I have a long wire antenna for my shortwave radio. The antenna tuner I use consists of a coil and two capacitors. The capacitors are in series. The coil is parallel to the two capacitors. The antenna is connected to one of the two points where the capacitor is connected to the coil, the connection to the radio is the other such point and the earth is connected to the point where the two capcitors are conneccted.

    To tune the antenna, you select a coil, then you turn one capacitor so that you get maximal signal strength. Then you turn the other capacitor to maximize further. Then you go back to the first capcitor and repeat the process until you cannot make improvements to the signal.

    It's a bit cumbersome but there is no other way since we are optimizing in two variables. :smile:
  9. Apr 25, 2008 #8


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    sounds like three variables: two continuous and one discrete.

    what i had when i was a ham radio person long ago was a 52 [itex]\Omega[/itex] coax cable coming out of the transceiver going into an SWR meter, another 52 [itex]\Omega[/itex] coax cable coming out of the SWR meter going into the antenna load box which had inside a coil in series followed by a capacitor shunted to ground. from the node where the coil and cap are connected, out went the antenna wire and the box chassis was connected directly to earth ground. the coil was literally a rolling thing that was continuously adjustable (and the capacitor was variable also).

    i could disconnect it from the box and connect to a 50 [itex]\Omega[/itex] dummy load i got from Heathkit. i could kick the transmitter into "tune" and the output loading of the transceiver were adjusted to maximize the output to the dummy load. the SWR was precisely 1:1 (despite the 52 to 50 ohm mismatch) and there was no reflected power. then i could reconnect to the antenna box and i had to adjust both the coil and the cap to minimize SWR and could usually get it to the same 1:1 for any frequency i was operating at. (two degrees of freedom is necessary because impedance is a complex quantity and i needed to match both real and imaginary components to my 52 ohm driver.) eventually, i learned to get along without the dummy load.

    the SWR meter told me there was no reflected power, it was all going out, and if there was neglegible resistance, then, i think that conservation of energy means that all of the energy was radiated. the antenna was the correct length for the 75 meter band (around 4 MHz, the "voice end" of the 80 meter band) and was then close to an integer number of 1/2 wavelengths for any of the ham radio frequencies that the transceiver was good for.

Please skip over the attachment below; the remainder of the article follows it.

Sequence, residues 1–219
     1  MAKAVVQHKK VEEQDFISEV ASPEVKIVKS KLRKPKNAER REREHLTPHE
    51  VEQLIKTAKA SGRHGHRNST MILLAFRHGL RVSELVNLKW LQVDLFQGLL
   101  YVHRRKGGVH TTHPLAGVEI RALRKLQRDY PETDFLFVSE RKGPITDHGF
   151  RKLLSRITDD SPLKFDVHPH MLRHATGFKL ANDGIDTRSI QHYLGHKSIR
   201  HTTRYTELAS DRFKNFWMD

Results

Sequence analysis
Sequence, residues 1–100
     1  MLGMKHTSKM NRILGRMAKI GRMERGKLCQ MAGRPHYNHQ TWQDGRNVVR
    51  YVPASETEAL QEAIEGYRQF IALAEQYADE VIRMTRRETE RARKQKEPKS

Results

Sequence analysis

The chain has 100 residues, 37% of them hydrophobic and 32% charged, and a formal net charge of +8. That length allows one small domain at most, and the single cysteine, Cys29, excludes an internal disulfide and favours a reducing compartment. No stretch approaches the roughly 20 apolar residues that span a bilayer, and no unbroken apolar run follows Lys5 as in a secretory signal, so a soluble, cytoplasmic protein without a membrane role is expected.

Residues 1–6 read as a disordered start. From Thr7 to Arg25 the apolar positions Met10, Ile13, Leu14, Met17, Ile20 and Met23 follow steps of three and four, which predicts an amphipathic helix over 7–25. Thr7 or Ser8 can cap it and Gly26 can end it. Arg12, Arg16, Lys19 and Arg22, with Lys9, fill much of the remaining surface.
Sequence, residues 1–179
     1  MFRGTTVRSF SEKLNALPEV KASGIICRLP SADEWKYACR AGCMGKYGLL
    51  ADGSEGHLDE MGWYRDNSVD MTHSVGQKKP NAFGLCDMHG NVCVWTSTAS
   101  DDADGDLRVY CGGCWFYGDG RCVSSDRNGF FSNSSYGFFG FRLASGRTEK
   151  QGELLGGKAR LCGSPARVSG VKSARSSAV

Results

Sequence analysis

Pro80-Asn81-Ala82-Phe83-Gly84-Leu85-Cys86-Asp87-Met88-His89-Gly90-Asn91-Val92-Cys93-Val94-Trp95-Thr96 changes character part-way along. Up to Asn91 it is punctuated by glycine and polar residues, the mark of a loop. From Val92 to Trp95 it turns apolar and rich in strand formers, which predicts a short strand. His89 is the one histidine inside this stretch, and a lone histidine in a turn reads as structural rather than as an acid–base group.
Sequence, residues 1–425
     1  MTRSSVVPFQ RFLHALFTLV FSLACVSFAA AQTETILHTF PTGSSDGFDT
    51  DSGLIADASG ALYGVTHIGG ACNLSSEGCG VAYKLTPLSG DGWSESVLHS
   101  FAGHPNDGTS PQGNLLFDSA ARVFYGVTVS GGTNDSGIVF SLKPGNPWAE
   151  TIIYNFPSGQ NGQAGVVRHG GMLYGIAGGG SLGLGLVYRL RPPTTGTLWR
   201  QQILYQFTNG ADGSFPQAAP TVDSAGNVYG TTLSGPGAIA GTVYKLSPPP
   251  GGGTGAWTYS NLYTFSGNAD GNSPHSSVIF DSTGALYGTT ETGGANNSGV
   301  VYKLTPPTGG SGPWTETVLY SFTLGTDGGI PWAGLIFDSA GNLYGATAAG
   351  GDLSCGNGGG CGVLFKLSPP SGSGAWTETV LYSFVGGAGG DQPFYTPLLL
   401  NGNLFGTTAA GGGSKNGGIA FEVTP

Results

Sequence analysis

10. Apr 25, 2008 #9
    The capacitors are there to soak in the current so as to allow shorter antenna right? Can the antenna be viewed as a capacitor element in the circuit or antenna has an inductor element too? So by having an external LC circuit you can tune the whole thing to minimize impedance.
  11. Apr 26, 2008 #10
    Solving the differential equation might help maybe?
  12. Apr 26, 2008 #11


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    the reason the inductive and capacitive loading elements exist is to match the impedance driving the antenna to the characteristic impedance of the transmission line. and the loading capacitor at the output of the transmitter is for matching the output impedance of the transmitter to the characteristic impedance of the transmission line. usually the characteristic impedance of a transmission line is considered to be virtually real (imaginary part is considered to be zero)

    an adjustable capacitor shunted across the antenna terminals changes both the real and imaginary parts of the impedance going into the antenna. you adjust that until the real part of the antenna impedance matches the real part of the characteristic impedance of the line. there will be some leftover imaginary part which is capacitive and the adjustable inductive element in series is there to cancel that part.

    if [itex]\omega_0[/itex] is your operating frequency, then

    [tex] Z_0 = \frac{1}{\frac{1}{Z_A} + j \omega_0 C} + j \omega_0 L [/tex]

    you have two constraints: match the real and imaginary part of the transmission line characteristic impedance, [itex]Z_0[/itex] to the real and imaginary parts of the right-hand side of the equation. you have two degrees of freedom, C and L that you can twist all sorts of ways to match it.
  13. Apr 27, 2008 #12
    Thanks for helping me out guys! I'm in good shape to pick up a book now :)